Parker Bullard

Two young brothers seem to enjoy getting on one another’s nerves.

The older brother is bossy. The younger brother is a pest.

The older boy wants some space, but the younger boy keeps poking him with his index finger just to provoke him.

In a sudden burst of rage, the older boy yells, “Stop touching me!” The younger boy, sly and sassy, holds his finger an inch away from the tip his brother’s nose and proclaims, “I’m not touching you!” (For some of the parents among us, this scene is not hard to imagine!)

Has the younger brother done what was asked of him? Technically, yes, he has stopped touching his brother.

But at the same time, he has found a way to disregard his older brother’s intention altogether. Or, we might say that the younger boy’s behavior is compliant but his heart is still being a pest.

Now, the Christian faith teaches that all humans have a propensity to disobey the will of God, and so we fail to reflect God’s character.

It also teaches that this is a problem which must be addressed. But it is possible to obey God like the younger boy obeyed his brother.

It is possible to keep the Ten Commandments, give to the poor, and practice spiritual disciplines, and yet have an inner life that is full of pride, resentment, anger, lust, stinginess, anxiety and dishonesty.

For example, if I never kill anyone but live my life with a perpetual anger or irritability or self-importance, my actions are obedient but my heart is still defiant.

In that case, I am the younger brother saying, “I’m not touching you!” while still being a pest in my heart. I am superficially obedient, but ultimately still resistant to being what God wants me to be.

When humans are righteous with our words and actions but not with our hearts, we experience a fracturing of the self.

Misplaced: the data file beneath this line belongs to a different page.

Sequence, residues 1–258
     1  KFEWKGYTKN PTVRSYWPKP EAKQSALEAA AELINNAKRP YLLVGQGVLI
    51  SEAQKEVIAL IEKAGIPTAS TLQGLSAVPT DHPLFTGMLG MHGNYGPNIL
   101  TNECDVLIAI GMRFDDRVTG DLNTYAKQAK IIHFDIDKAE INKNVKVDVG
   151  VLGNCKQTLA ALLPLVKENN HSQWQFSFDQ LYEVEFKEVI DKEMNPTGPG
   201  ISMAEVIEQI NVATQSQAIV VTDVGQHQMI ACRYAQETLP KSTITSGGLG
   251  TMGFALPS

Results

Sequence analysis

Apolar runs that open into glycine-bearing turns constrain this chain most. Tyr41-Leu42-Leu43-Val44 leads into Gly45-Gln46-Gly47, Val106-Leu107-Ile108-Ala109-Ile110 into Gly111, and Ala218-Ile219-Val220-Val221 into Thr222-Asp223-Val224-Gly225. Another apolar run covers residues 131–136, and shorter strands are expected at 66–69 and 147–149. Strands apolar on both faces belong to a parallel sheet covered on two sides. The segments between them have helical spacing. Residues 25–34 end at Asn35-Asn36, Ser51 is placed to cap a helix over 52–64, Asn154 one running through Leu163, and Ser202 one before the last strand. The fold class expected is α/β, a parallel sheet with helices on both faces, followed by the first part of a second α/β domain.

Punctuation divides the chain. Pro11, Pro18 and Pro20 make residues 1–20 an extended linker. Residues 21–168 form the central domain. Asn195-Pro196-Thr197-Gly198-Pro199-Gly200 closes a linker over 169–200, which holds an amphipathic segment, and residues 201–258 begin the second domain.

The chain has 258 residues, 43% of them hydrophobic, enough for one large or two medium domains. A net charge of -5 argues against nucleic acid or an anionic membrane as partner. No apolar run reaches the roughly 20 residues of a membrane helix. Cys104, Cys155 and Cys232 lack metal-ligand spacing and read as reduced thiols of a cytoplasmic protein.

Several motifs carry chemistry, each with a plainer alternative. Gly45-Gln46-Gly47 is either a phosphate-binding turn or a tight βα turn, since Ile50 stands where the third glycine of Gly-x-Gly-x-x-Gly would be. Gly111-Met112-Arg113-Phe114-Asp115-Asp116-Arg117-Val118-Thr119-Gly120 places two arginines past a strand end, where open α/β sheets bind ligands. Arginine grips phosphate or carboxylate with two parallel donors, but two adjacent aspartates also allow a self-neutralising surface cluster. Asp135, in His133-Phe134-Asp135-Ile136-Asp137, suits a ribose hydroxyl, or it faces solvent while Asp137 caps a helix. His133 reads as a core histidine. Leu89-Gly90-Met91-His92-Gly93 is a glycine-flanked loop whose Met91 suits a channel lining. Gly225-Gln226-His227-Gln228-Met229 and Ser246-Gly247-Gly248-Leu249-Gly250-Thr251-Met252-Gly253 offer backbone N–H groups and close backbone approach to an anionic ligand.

Our outer lives and our inner lives are not in alignment. And when our inner and outer lives are in that kind of tension with one another, we are not being fully human.

In order to be fully human, each of us must undergo a transformation of our inner lives.

The question is, how? How does one experience that kind of heart-change?

That question is biased, I know. It suggests that transformation of the inner life is a matter of technique, as though we were dealing with a problem that had a quick and programmatic solution.

The truth is, humans do not have any capacity to deal with our own misalignment of heart and action. If anything is going to change, we will need help from outside of ourselves.

The Bible calls this help “grace.” Grace is a gift from God. More specifically, it is the gift of God’s ongoing work of heart-change. Grace is not merely pardon, but the power to be a new creation.

So I give thanks to God that he is a God of grace. I am thankful he does not merely say, “Thou shalt” or “Thou shalt not,” but also says, “Let me help you.”

Parker Bullard is the Senior Minister of the Poncha Springs Church of Christ.

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